Both sides of federal politics want the protections and religious schools have overwhelmingly indicated they don't need, or use, the existing right to discriminate.

But the political parties are yet to agree on how they should look in law.

The government won support in the Senate on Monday to delay a vote on a Labor bill on the issue.

Government Senate leader Mathias Cormann shut down debate on Labor's bill, as the coalition wants the legislation refined to give schools the right to conduct themselves in a way reasonably in line with their faith.

Unless Labor can change a senator's position on the issue this week, the protections won't be in place this year.

Attorney-General Christian Porter said the matter could have been dealt with on Monday, had Labor agreed with the coalition's proposal.

The government, like Labor, wants to remove a section of the Sex Discrimination Act that allows religious schools to exclude students based on their sexuality.

“We would like to see this passed now, but it has to be a balanced passage," Porter said during question time.

Opposition Leader Bill Shorten said the bill would not hurt a school's ability to teach religion or make students attend chapel.

Delaying debate on the bill enraged Labor's Senate leader Penny Wong, who shouted it was an "outrage" after being caught off-guard by the government's tactics.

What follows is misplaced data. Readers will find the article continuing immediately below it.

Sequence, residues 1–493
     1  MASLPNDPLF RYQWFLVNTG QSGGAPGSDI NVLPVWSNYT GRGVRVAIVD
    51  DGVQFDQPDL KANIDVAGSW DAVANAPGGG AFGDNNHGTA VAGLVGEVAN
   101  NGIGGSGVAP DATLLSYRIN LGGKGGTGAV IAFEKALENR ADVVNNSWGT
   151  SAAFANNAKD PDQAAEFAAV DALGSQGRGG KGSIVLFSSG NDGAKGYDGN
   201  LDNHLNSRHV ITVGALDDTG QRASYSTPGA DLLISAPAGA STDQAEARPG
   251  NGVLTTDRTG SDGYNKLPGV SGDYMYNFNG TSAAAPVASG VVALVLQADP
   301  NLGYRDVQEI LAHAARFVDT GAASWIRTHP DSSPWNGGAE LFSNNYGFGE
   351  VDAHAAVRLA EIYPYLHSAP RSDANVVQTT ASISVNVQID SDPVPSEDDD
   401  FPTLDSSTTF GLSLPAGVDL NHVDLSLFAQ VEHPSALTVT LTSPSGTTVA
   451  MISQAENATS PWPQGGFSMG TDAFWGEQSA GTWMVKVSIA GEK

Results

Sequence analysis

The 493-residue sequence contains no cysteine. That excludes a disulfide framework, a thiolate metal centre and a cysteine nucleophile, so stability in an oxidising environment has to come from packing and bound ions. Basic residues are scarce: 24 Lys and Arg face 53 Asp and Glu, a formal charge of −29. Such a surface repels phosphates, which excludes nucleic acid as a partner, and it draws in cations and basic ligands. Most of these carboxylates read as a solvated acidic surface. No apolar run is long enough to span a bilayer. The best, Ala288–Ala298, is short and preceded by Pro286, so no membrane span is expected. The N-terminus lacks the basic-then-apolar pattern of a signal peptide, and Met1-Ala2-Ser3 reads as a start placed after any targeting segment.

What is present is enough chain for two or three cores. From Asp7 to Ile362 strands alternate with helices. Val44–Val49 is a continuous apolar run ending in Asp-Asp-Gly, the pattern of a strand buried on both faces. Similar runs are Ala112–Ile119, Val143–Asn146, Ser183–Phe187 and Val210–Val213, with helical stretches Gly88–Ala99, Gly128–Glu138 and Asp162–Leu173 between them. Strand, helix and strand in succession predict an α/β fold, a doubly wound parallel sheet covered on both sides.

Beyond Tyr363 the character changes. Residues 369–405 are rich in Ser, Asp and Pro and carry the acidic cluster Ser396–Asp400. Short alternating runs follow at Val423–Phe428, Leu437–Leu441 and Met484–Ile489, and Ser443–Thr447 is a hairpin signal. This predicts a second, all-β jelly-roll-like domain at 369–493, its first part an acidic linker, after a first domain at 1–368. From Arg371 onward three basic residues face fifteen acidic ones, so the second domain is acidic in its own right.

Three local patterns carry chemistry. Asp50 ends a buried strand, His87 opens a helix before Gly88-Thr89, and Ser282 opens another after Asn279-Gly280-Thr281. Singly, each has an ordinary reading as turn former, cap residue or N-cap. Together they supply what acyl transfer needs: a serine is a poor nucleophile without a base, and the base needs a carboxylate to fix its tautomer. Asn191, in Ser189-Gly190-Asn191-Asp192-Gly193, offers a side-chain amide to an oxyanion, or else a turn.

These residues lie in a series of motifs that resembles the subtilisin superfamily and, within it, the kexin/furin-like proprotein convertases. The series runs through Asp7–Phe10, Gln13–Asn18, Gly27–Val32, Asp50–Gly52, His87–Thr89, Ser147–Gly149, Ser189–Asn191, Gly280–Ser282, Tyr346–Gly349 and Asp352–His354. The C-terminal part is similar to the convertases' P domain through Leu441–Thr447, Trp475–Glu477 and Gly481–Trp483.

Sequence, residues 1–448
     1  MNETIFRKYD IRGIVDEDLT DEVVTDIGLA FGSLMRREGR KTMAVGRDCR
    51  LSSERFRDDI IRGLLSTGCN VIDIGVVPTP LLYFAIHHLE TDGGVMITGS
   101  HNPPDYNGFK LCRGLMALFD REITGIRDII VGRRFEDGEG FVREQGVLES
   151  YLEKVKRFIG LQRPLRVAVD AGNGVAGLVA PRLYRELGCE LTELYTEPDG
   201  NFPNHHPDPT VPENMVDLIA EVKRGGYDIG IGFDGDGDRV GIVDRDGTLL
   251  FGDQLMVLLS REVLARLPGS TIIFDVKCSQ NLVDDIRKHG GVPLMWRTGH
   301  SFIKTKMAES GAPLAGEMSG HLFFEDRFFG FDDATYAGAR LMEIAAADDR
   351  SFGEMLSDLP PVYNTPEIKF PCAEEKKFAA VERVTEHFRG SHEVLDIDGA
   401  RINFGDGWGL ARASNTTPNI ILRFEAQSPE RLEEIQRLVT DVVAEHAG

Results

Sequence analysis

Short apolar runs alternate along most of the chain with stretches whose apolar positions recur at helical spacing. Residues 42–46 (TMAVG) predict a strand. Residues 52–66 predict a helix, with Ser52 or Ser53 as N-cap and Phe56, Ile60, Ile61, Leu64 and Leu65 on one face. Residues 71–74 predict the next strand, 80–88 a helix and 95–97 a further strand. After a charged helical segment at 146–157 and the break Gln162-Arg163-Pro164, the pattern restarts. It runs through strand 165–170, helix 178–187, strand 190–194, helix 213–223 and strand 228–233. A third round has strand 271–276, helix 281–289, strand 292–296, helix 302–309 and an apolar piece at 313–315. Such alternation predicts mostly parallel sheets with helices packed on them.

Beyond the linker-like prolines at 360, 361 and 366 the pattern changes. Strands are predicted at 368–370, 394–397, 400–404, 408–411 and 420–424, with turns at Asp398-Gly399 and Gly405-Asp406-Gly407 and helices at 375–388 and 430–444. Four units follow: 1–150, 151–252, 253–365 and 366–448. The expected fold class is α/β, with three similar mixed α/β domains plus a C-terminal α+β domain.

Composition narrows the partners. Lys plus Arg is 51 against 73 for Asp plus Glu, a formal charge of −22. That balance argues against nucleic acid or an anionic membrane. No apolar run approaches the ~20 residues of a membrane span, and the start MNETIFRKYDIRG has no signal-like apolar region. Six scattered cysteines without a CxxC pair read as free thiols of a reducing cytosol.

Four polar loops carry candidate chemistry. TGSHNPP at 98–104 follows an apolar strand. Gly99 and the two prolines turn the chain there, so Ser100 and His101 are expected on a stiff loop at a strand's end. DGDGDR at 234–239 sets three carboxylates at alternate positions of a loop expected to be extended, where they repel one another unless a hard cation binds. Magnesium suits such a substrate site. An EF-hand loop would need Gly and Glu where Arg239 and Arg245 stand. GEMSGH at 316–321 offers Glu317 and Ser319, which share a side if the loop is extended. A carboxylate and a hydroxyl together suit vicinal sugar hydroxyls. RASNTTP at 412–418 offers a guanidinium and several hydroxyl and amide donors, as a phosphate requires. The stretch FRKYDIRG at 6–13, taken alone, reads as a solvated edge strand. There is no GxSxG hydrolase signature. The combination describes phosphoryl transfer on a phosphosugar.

She accused the government of up-ending the Senate to avoid voting on protecting LGBTI children because they were worried about losing a lower house vote, where the coalition no longer commands a majority.

"Call an election instead of lying the way you have about this issue," Wong told parliament.

She also savaged Centre Alliance's two senators for voting for the delay, telling Rex Patrick "shame on you" for siding with the government.

But Senator Patrick said there was no urgency to the bill which should be looked at by a Senate committee.

“It has been put to us that no child has been suspended or expelled from any school on the basis of sexual orientation or gender identity,” Patrick said.

“So in those circumstances, we are not dealing with an emergency situation.”

The delay was welcomed by the Australian Christian Lobby, which believes Labor's bill goes too far and that any legislation on the matter should be thoroughly reviewed.

But Human Rights Law Centre equality advocate Anna Brown said the delay was a blow to students and their parents seeking certainty before the new year.

Labor will also introduce a bill to prevent religious schools discriminating against gay staff in the first sitting fortnight of next year, Shorten said.